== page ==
University essentials Part 3 Student Health – Common Ailments

At In a Box Group Ltd we have put together a University Essentials Guide covering various different aspects of university life giving you the student essentials necessary to have a happy and safe time whilst you are at College and University.

We will be posting different subjects on our blog so make sure you check out the ones already done and keep an eye out for the future blogs and subjects we will cover.

This blog is looking at the student essentials of common ailments!  We hope you will find it useful. Our next article will look at a broader range of student health issues so watch out for that!

Being aware of the health issues is essential for university students to be able to identify when to self-medicate, when to go to the GP and when to rush to hospital. Just remember one thing, even if you have a wide knowledge of medical issues nothing compares to a medical professional so if in doubt check it out!

Coughs and Splutters

Coughs and splutters are pretty common and are usually caused by a viral infection.  More times than not they sort themselves out after a few days though they can last up to a few weeks.

So what can you do to help the process, here are the essentials for university students:

  • Rest and drink lots of fluids.
  • Paracetamol can be good to take the edge of any aches and pain and can also help lower temperatures.
  • If after a week your symptoms appear to be getting worse or don’t improve AT ALL you may need to consult your doctor.

Vomiting and the Runs

Again there are some steps that you can take to help.

  • Little sips and often. Try not to drink huge quantities in one go but do drink enough.  Both diarrhea and vomiting dehydrate you so it’s important to rehydrate. Try to sip flat drinks preferably with some sugar in it for example flat Lucozade sport to get some calories into you! Avoid the fizzy stuff though.
  • If at all possible, cut back on solid foods and definitely avoid anything that is acidic.
  • There are many over the counter antidiarrheal medication like Imodium which can help ease symptoms.
  • If your symptoms are not improving after a 48-hour period, you should consult a Doctor.

Burns or Scalds

Rule 1 – no panicking, just follow these simple steps

  • Run the area under cold water for 10 minutes or until the pain subsides.
  • If it blisters apply a dry, clean loose dressing.
  • Take a painkiller like paracetamol if the pain is too much.
  • If the skin is broken or the area is larger than 5 inches in diameter go immediately to your local accident and emergency department.


Sprains are a real pain!  It is often ligament damage and they can take 4 – 6 weeks on average to mend.  The acronym of ‘’RICE’’ can be very useful.

  • REST
  • ICE for up to 30 minutes can reduce pain and swelling
  • After 48 hours if you aren’t able to slow gentle movement then consult your GP


  • Wash with clean water.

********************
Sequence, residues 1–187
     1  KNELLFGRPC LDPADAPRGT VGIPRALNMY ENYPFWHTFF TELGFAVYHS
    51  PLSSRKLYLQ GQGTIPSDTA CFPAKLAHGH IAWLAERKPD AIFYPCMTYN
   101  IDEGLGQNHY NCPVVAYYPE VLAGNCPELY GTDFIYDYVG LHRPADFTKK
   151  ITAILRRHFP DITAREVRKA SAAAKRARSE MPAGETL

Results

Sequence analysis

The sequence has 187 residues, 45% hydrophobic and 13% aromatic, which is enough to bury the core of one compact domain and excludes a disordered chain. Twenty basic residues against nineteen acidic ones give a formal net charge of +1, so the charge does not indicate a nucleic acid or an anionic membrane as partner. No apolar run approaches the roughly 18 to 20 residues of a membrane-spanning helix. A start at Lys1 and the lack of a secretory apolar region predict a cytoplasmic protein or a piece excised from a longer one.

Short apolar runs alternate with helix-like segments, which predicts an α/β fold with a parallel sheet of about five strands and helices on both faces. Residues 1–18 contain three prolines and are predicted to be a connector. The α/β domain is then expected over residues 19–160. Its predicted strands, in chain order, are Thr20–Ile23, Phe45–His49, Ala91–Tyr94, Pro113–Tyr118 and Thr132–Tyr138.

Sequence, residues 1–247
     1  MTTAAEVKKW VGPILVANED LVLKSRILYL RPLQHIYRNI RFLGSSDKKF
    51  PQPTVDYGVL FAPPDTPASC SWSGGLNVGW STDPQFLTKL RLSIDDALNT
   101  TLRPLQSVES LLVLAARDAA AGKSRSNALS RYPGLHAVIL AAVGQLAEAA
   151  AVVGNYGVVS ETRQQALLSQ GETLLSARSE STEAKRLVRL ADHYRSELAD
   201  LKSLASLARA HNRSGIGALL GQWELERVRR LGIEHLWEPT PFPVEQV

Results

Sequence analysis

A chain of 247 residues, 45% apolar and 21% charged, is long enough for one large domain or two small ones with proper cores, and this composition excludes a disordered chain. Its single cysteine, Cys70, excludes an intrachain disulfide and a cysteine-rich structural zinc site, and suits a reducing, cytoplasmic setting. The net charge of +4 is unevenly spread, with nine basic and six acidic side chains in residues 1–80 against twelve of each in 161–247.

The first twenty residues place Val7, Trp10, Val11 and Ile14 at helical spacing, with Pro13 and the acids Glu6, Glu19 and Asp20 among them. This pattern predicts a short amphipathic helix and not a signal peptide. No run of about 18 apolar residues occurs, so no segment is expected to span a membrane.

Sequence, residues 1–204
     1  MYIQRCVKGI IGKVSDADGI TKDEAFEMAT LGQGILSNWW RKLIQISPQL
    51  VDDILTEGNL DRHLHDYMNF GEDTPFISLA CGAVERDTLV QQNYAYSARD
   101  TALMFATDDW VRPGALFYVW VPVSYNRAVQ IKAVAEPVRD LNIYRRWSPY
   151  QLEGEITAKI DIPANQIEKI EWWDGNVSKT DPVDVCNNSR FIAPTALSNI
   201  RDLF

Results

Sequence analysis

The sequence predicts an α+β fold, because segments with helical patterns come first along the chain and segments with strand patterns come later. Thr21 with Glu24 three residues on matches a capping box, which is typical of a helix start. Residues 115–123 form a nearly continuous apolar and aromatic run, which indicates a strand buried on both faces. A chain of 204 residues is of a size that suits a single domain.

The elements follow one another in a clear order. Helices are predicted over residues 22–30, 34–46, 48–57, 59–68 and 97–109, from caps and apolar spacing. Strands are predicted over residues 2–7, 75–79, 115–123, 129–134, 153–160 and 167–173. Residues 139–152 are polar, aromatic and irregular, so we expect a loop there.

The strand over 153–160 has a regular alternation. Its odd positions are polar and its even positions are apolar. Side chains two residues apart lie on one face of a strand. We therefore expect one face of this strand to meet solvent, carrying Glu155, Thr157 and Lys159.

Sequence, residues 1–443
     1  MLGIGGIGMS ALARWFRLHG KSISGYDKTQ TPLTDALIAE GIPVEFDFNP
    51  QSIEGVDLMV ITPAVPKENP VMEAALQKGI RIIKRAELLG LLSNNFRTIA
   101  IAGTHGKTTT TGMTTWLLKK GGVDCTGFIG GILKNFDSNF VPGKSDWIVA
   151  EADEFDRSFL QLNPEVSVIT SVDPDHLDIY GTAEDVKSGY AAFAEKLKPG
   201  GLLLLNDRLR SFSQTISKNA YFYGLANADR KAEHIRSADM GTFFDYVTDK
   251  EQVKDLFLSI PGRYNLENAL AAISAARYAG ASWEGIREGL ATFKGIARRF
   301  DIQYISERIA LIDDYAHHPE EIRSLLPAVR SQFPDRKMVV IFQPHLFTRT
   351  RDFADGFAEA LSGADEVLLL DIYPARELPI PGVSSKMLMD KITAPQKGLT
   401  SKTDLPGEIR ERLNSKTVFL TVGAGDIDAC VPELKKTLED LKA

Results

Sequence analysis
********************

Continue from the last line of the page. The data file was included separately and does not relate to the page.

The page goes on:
• Put on a clean dressing and apply pressure to reduce the bleeding.
  • Raise the injury to reduce the bleeding.
  • Once the bleeding has stopped put a clean dressing on the wound.
  • Go to hospital if the wound cannot be cleaned or the bleeding is uncontrollable, maintain pressure on the wound.


  • Take a mild antihistamine.
  • E45 can be useful if it is itchy.
  • Contact your doctor is the rash lasts more than 48 hours.
  • Go to hospital if the rash doesn’t disappear when a glass is rolled over it (see section on meningitis), or you have any tongue swelling or difficulty breathing.

Nose Bleeds

  • Don’t fall for the old advice of putting your head back!
  • Sit upright over a bowl and pinch your nose just below the bone for 10 minutes.
  • If this is unsuccessful and the bleeding doesn’t appear to stop after two attempts go to the hospital.
  • Avoid blowing your nose or having hot drinks for the next 24 hours if possible.

Watch out for the Nasties …. Infectious Diseases

Any signs of these and consult a medical professional ASAP! Below is a list of some of the nasties to watch out for and their main symptoms


  • High temperature – sometimes with chills
  • Severe headache
  • Neck pain or stiffness
  • Nausea and or Vomiting
  • Sensitivity to light or sound
  • Drowsiness and/or confusion
  • Sore throat
  • Seizure
  • A rash which doesn’t disappear if you roll a glass over it


  • You will feel generally unwell
  • A patchy red rash will develop on the face and body
  • Dry cough
  • Red eyes
  • Intolerance to light


  • A swelling just in front of you ear in most cases this will be on both sides
  • Pain
  • Fever

Chicken Pox

  • Rash – small red 3mm spots which turn into blisters
  • These can affect the scalp
  • It this affects the palate swallowing can be difficult.


  • Fever
  • Sweating
  • Aching
  • Tiredness
  • Dry cough
  • Runny nose
  • Difficulty Sleeping

Also read: What to Take to University?